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Practices and hospitals crippled by cyberattack holding files to ransom


By Carolyn Wickware
12 May 2017

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Hospitals and GP practices across England have been affected by what appears to be a major cyber attack on the NHS computer system.

Some practices have had to shut down, while hospital staff found themselves unable to work as a result of the attack.

Dr George Farrelly, a GP in East London, said his practice did not have access to patient records and could not prescribe medicines.

Hospitals and GP practices across England have been affected by what appears to be a major cyber attack on the NHS computer system.

Some practices have had to shut down, while hospital staff found themselves unable to work as a result of the attack.

Dr George Farrelly, a GP in East London, said his practice did not have access to patient records and could not prescribe medicines.

Dr Farrelly, who works at the Tredegar practice in Tower Hamlets, said his practice had ‘heard something might happen’ earlier in the day so had printed the appointment list.

He said: ‘I am going to see my patients but of course we cannot access any records and can’t prescribe.’

Meanwhile Dr Neil Paul, a GP in Cheshire, has said the attackers are requesting $300 worth of Bitcoin, the online currency, to decrypt files.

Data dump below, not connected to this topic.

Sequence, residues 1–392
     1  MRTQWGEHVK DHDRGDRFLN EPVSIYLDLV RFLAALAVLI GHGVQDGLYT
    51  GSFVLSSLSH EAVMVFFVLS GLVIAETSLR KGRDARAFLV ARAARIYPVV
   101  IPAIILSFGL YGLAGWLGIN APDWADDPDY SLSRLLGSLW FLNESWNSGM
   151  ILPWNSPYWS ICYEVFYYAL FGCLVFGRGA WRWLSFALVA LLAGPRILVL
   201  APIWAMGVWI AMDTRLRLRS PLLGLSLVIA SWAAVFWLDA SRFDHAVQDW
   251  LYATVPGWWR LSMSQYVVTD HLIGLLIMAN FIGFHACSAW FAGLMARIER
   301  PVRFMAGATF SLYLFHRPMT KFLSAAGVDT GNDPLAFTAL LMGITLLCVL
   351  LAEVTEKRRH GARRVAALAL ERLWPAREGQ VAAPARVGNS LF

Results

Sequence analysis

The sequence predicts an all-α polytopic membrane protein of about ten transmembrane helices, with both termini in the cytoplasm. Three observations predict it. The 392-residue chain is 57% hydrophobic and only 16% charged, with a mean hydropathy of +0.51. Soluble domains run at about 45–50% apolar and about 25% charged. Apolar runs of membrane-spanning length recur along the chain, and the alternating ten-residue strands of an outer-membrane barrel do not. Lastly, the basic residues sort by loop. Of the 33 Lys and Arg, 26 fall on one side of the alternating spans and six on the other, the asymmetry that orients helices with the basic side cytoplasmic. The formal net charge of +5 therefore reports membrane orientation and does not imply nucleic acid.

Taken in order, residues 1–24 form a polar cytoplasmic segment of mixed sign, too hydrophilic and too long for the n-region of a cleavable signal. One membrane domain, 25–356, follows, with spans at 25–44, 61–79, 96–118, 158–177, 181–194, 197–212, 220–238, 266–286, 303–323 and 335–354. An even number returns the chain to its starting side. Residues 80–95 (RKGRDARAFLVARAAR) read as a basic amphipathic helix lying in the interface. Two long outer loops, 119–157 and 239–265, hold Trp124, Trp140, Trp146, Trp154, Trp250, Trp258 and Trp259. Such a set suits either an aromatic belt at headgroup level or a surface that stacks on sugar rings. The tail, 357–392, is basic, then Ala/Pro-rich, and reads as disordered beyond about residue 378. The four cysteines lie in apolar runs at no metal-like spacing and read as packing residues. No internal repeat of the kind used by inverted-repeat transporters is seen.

He told our sister publication Pulse that in his area around 'half' of practices were affected by the attack, including some cases of 'whole practices' being forced to shut down.

NHS Liverpool CCG warned patients to only contact their GP practice in an emergency.

NHS Digital said in a statement: 'At this stage we do not have any evidence that patient data has been accessed. We will continue to work with affected organisations to confirm this.

'NHS Digital is working closely with the National Cyber Security Centre, the Department of Health and NHS England to support affected organisations, ensure patient safety is protected and to recommend appropriate mitigations.'

They added: 'Our focus is on supporting organisations to manage the incident swiftly and decisively, but we will continue to communicate with NHS colleagues and will share more information as it becomes available.'

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